How much does a data breach cost? One independent study estimated that, on average, the cost to an organization of a data breach in the U.S. was $7.35 million in 2017. But recent financial disclosures from Equifax Inc. show how those numbers can spiral when a worst-case scenario comes to pass.
In its recently-filed 10-Q, Equifax disclosed that in 2017 it spent $163.1 million related to the data breach that exposed the personal data, including social security numbers and birthdates, of more than 145 million U.S. consumers. That figure includes the legal and remediation costs Equifax has already incurred, as well as $50.7 million to offer free credit and identity theft monitoring to U.S. consumers. Equifax has $125 million in cybersecurity insurance coverage, and collected $50 million of that amount to cover a portion of its 2017 costs. Not surprisingly, the company also disclosed (in its most recent 10-K) that it expects insurance coverage to be inadequate to cover the full cost of the massive breach.
And that $113 million in data breach costs had a significant effect on Equifax’s net income. In the three-month period ending March 31, 2017, before the breach occurred, net income for Equifax was $153.3 million. For the same period in 2018, it was $90.9 million. One of the primary causes of that 40% difference is “costs related to the cybersecurity incident.”
As the securities filing makes clear, though, the 2017 breach-related spend is only the tip of the proverbial iceberg: Equifax expects to incur “significant” costs in the future, including legal and professional costs, increased investments in IT and security, and “increased costs for insurance, finance, compliance activities, and to meet increased legal and regulatory requirements.” The company expressly acknowledged that the cybersecurity incident would negatively impact revenue going forward.
Buried in the financial statements are hints of the many ways the data breach is costing Equifax. First, there is the massive cost of defending against lawsuits and government investigations—and that’s even before the possibility of judgments or fines against Equifax, which the company states are “reasonably possible.” It notes that the “ultimate amount” paid out on claims and investigations “could be material to the Company’s consolidated financial conditions, results of operations, or cash flows in future periods.”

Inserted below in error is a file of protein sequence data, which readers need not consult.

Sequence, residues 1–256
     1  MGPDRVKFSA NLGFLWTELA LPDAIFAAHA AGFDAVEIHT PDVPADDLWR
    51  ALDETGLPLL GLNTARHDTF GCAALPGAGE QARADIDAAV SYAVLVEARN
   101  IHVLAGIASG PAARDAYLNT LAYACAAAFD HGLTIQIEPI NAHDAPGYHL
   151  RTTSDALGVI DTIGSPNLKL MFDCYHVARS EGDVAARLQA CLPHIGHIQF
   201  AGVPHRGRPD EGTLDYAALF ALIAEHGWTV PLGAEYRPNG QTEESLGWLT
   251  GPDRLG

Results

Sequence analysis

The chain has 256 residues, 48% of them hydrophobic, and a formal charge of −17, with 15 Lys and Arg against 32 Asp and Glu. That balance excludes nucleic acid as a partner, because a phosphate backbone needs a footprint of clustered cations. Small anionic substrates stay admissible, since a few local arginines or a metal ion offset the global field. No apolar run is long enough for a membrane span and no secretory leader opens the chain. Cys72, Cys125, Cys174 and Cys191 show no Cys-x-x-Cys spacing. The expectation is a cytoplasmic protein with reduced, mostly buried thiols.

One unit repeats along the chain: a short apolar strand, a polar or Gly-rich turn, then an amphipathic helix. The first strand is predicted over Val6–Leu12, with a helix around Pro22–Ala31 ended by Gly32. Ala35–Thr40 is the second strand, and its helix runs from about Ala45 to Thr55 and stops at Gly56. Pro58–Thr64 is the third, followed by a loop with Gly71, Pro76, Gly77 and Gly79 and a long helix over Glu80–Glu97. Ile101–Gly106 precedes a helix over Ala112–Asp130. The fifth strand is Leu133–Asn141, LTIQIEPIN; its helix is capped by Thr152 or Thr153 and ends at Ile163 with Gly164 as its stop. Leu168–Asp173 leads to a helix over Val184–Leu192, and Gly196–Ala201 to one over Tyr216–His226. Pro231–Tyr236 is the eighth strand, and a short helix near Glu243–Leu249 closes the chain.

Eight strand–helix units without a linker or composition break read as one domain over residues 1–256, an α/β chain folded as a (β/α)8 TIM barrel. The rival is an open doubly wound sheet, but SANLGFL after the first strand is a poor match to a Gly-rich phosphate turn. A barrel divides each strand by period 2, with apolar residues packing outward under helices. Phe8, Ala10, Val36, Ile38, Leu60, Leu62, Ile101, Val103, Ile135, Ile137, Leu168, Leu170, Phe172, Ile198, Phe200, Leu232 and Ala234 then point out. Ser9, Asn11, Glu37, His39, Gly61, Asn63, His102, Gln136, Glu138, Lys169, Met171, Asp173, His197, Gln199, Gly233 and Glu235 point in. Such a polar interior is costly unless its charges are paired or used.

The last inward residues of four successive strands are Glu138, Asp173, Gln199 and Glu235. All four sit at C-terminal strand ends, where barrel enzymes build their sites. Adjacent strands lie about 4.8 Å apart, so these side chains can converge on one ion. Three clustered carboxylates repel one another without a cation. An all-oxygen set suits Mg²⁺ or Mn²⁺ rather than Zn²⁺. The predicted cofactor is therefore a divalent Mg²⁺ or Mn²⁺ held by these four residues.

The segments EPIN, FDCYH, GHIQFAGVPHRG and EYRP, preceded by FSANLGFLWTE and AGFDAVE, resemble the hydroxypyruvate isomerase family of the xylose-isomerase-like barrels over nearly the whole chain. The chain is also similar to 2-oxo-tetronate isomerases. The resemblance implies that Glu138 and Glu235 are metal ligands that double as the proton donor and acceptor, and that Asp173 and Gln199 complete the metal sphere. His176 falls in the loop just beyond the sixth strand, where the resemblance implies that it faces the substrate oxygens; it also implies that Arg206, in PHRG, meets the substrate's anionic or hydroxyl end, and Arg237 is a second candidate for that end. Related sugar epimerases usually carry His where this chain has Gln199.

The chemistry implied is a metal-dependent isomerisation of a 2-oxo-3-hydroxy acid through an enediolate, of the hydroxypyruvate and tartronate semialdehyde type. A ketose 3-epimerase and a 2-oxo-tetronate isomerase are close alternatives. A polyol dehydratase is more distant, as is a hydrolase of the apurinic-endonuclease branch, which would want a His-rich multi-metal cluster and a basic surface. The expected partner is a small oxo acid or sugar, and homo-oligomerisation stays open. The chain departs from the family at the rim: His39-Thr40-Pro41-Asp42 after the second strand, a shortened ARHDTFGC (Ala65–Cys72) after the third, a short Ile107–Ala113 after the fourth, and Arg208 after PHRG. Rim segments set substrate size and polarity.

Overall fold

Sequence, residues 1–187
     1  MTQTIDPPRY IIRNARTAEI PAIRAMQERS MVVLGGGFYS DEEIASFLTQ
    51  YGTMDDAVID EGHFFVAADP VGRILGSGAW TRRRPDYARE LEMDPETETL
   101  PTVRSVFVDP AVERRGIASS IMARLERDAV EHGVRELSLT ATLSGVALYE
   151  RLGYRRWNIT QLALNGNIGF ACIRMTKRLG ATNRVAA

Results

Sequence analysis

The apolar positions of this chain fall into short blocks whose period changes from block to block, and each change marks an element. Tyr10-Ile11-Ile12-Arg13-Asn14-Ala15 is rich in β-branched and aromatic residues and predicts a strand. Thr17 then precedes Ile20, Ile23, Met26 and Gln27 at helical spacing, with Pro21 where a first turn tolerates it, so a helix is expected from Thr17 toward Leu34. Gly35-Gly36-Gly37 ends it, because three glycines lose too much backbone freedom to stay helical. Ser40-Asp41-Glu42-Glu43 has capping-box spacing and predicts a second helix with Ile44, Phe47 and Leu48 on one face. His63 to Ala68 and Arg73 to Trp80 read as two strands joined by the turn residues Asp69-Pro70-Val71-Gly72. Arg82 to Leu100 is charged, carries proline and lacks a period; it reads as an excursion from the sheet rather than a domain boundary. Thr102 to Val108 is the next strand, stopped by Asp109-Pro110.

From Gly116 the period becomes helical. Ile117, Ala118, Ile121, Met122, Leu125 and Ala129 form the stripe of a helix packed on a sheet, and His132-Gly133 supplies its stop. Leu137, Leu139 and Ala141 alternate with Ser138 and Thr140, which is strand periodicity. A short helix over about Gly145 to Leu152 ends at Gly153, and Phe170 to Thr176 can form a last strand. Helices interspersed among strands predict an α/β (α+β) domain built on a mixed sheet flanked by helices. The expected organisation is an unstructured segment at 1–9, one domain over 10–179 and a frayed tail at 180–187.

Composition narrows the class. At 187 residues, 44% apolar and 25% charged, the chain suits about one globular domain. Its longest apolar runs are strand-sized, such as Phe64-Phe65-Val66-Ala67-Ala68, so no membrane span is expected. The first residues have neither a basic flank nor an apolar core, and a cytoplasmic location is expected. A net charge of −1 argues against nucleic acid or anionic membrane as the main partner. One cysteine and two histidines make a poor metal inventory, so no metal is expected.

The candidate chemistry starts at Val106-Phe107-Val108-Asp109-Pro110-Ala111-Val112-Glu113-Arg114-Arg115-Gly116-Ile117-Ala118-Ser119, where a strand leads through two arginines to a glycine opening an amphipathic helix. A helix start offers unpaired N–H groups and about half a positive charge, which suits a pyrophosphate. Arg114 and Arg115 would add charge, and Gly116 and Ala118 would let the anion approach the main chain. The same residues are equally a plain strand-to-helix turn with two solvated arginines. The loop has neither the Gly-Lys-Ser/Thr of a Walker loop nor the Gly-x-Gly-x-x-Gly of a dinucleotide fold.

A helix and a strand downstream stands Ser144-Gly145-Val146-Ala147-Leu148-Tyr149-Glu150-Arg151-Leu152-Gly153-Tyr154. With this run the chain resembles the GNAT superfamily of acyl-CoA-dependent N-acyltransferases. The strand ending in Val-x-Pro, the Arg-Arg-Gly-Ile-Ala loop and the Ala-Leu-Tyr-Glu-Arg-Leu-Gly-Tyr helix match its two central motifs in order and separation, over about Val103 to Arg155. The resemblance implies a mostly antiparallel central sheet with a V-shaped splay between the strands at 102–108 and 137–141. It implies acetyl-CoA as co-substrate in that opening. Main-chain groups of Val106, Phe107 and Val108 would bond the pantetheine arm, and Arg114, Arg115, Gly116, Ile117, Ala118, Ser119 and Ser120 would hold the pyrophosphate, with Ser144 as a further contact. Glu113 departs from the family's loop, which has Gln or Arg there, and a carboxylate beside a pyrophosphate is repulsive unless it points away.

What’s more, the cost of providing Equifax’s services increased by $42 million—nearly 15%—for the first quarter of 2018 compared to the same period last year (from $300.8 million to $342.8 million). That increase is partly attributable to costs related to the cybersecurity incident. Selling, general and administrative expenses increased too, from $241.5 million in Q1 2017 to $300.5 million in Q1 2018. And there are other costs as well. Because of the breach, Equifax stopped advertising to consumers beginning in 2017, and will not advertise its products in the first half of 2018, either. That led to a decrease in direct revenue in 2017 that will continue to 2018.
Equifax’s breach costs are already shaping up to exceed those of other public companies hit by hackers. Target Corporation, for example, suffered a data breach toward the end of 2013 that exposed 40 million customers’ payment information to intruders, and names, addresses, and phone numbers for up to 70 million customers. In the following year, Target incurred $191 million of related expenses, and expected $46 million in insurance proceeds, for a net cost of $145 million. In 2015, Target recorded another $39 million in net expenses related to the data breach. Not until 2016—more than two years after the breach—did Target's costs finally drop below the level requiring disclosure to investors.
Not every company treats its cybersecurity costs as a negative. Following a 2014 cyberattack at JPMorgan Chase that compromised the data of 76 million households and 7 million small businesses, JPMorgan listed its $250 million spend on cyber protection as a “highlight and accomplishment” in its annual report.